The journey to create his identity wasn’t easy for Keith who was born in a modest family who made remarkable contribution in the study of human evolution. With not much money to reach a career of his dream, he was bound to make sacrifices and work truly hard to work his way up. He was interested in medicine right from his childhood days and had to gain scholarships at each step of his education. He graduated with a degree in medicine but later shifted his interest to anthropology.

According to Keith, the evolution of the human race was as per the evolutionary harvest of nature. He also shared views with regard to the evolution of human society arising from competition based on patriotism, resentment, revenge, morality, leadership and many others. An extraordinary active and creative man, Keith made more than 500 publications, was much sought after by the popular press and engaged in several public debates largely revolving around his Darwinian beliefs and agnosticism. Throughout his journey, the struggles he experienced, were never the reasons for him to stop doing, rather they became reasons to push him harder. One must not forget that, it’s how you think at the time of such challenging situation, that decide what you become.

4. “You don’t have to lead 100s of people to achieve a goal. You can still do your best as one among the 100s and help achieve the end goal.”

Many a times, we have heard a lot of youngsters saying “I don’t want to work for someone else and want to be on my own and be a leader.” Well, the truth is – one can be a leader even when you work for someone; you could rather call it “working with someone.” It’s about the purpose you wish to live for, that matters; it’s the vision that you wish to achieve that matters irrespective of the position you are in.

One such was Georgia Gilmore, a midwife, cook and restaurateur who was also a civil rights activist, who founded the fundraising group known as the ‘Club From Nowhere’, to help fund the expenses of Montgomery Bus Boycott in Alabama, led by Rosa Parks. Gilmore actively participated in the boycott, walking to her destinations and fending off taunts from local youth. She was fired from her post at National Lunch after she testified in court about a driver. Gilmore then started a restaurant in her own house. Her spot was a haven for civil rights strategists.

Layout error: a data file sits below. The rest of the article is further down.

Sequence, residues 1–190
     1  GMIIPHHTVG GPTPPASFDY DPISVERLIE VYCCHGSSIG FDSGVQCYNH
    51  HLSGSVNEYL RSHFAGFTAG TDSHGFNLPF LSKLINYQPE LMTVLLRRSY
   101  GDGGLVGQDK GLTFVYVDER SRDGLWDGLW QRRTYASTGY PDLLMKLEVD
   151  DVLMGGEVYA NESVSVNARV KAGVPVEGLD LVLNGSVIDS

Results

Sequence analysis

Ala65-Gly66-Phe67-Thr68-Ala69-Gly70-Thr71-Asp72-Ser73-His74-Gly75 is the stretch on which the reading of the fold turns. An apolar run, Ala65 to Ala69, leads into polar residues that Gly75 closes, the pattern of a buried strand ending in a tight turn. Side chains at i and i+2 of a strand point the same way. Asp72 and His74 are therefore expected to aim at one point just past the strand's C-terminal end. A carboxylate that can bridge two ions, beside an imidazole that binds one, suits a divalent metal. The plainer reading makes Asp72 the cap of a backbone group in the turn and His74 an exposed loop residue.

The Club From Nowhere, which consisted of African-American women cooking cakes and pies, sold goods to both black and white customers. The money received from the sales went to funding boycott transportation costs. Gilmore was the sole officer of the club, responsible for turning in funds at the weekly mass meetings. Gilmore hoped that the success of the group had encouraged other "ordinary folks" to do the same. This organization and others like it are cited by some as what kept the boycott alive by providing money as well as grass-roots support within the community. Although Gilmore was just a part of the community, she never failed to do her best and contribute to achieve the goal.

5. “The journey is always more important than the destination. The success may or may not teach you lessons, but the ups and downs during the journey are sure to.”

This is a common lesson we’ve all heard of, but how many of us do focus on the lessons to learn, rather than the results. We are struck in this world which only needs results and hence, our focus shifts to the final destination. But it’s important we go through struggles and challenges, handle and overcome them, which are what help us move further to the next journey too. Red Buttons (born Aaron Chwatt) was a renowned comedian and actor who had to cross various hurdles to reach where he did.

Born in 1919 to Jewish immigrant parents, he attended Evander Childs High School in the Bronx, and had to work on different jobs for supporting himself. As a teenager the stand-up comedian earned his stage name by working as a singing bellhop in a bar. He started his career singing on street corners as a child. At 16, he got a job as part of a comedy act playing the famed Catskills resort area in New York. A gifted performer on stage, screen, and television, Buttons was equally talented in drama or comedy genres, but it was his comedy that brought him fame. In September 1942, the comedian got his Broadway debut in the show Vickie.

He was also chosen to perform in the Broadway comedy show Winged Victory. In 1952, the red-haired comedian got his own TV series "The Red Buttons Show" on CBS. The comedy show lasted three years and the comedian won an Emmy for Best Comedian. After 1955, his career went into decline, but the gifted comedian made an auspicious comeback playing a love-struck American soldier. After his Oscar-winning role (for the soldier role in Sayonara movie), he performed in numerous feature films. The stand-up comedian was number 71 on Comedy Central's list of the ‘100 Greatest Stand-Ups of All Time.’ (Sources:,,,

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Any facts, figures or references stated here are made by the author & don't reflect the endorsement of iU at all times unless otherwise drafted by official staff at iU. This article was first published here on 5th February 2017.